LONDON: When British correspondent Secunder Kermani visited Pakistan and wanted to get a haircut, he headed to Mirpur in Azad Kashmir. Originally from Pakistan but born in London, Kermani’s haircut stood out in Islamabad. A security guard outside his hotel in the capital, asked him if he was from Mirpur. When he replied in the negative, he pointed at Kermani’s head and said, “But your hairstyle – all the Mirpuris have the same one.”
The city of Mirpur is known as Little England, owing to the fact that many inhabitants left for Britain and returned to marry off their children or to build big houses with the money they saved.
Kermani’s hairstyle is called a skin fade – the sides of the head shaved to varying degrees. It gradually gets longer as you go upwards and at the top it’s a normal, longer length. In parts of Britain, the skin fade is extremely common, especially among British Asians.
When Kermani visited Mirpur, at first glance he was disappointed because it looked like most Pakistani cities he had been to. However, a sign advertising Chicken Cottage – a fried chicken brand from Britain, got him excited. Young British Muslims often visit Chicken Cottage as a halal alternative to other fast food chains.
The skin fade was also popular in Mirpur – with every other guy under the age of 40 sporting it. The resemblance between them and British Pakistanis was uncanny.
In the 1960s, thousands of Mirpuris left to work in factories and mills of cities in Britain. According to an estimate, about 70% of all British Pakistanis can trace their origins to the region.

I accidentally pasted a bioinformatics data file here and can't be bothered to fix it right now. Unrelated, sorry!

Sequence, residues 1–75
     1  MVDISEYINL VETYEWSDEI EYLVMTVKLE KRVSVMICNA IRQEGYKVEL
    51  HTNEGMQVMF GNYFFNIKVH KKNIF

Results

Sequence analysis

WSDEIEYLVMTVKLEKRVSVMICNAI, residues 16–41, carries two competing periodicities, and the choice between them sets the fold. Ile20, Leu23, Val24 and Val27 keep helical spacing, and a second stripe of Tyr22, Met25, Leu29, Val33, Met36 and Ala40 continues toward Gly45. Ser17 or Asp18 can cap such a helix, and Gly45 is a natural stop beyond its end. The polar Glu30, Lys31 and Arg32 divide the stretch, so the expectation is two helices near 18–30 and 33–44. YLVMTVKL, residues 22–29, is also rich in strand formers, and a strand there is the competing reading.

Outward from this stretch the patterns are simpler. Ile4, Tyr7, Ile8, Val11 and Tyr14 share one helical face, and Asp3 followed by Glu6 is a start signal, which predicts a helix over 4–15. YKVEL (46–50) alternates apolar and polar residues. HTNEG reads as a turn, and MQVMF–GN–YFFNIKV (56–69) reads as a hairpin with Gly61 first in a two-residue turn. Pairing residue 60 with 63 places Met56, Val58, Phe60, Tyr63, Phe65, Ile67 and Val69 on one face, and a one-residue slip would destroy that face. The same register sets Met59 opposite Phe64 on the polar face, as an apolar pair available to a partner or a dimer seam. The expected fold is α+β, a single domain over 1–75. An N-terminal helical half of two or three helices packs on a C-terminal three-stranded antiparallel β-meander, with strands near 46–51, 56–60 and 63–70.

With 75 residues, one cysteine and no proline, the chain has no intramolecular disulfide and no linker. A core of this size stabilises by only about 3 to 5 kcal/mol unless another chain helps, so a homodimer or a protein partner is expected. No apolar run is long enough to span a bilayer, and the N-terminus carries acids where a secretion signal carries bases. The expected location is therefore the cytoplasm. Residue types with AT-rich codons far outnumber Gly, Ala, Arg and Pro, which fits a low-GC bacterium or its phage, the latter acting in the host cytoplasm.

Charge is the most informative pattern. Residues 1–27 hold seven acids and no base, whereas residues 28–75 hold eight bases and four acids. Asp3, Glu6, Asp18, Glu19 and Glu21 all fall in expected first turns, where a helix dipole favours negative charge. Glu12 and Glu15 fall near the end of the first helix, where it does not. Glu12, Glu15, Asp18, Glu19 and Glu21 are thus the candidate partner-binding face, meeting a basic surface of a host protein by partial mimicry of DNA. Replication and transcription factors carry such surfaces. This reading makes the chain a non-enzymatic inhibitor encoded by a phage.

Kermani was taken by his guide, local YouTube star – Arslan Shabir, to what he called Mirpur’s premier barbers. There he met Raja, having his stubble plucked by the barber — both the barber and Raja also sported a skin fade hairstyle. Raja said that while the skin fade may have originated in Britain, it has become identifiably Mirpuri. Raja had never been to England but has relatives in Birmingham.
“Do I look like a Pakistani?” he asked Kermani, showing him selfies on his phone. “Could you tell me apart from any British kid?” seemingly proud to look British.
Mirpur’s decades old connection with Britain makes it unlike any other city in Pakistan. You can see huge villas all over the city. “Where could I get a place like this in the UK?” said Zahoor from Ilford. His palatial creation is completed with terraces and towers.
While many aspire to go to Britain and settle there, many in Mirpur have a complex relation with the country. One customer at the barber’s told Kermani a girl in Leeds claimed she would marry him. She, however, took his savings and disappeared. Another is getting married to his cousin in England.
While Shabir gets along with British Pakistanis, his videos also criticse the way they talk about their Pakistani cousins or the look down upon them. “Where do they think their parents come from?” he said indignantly. “The same place as us.”
At the barber’s as Kermani’s turn came, the barber told him he was the first to offer skin fades in Mirpur. “The other day,” he boasted, “a British customer was so impressed he offered me a job… in London.”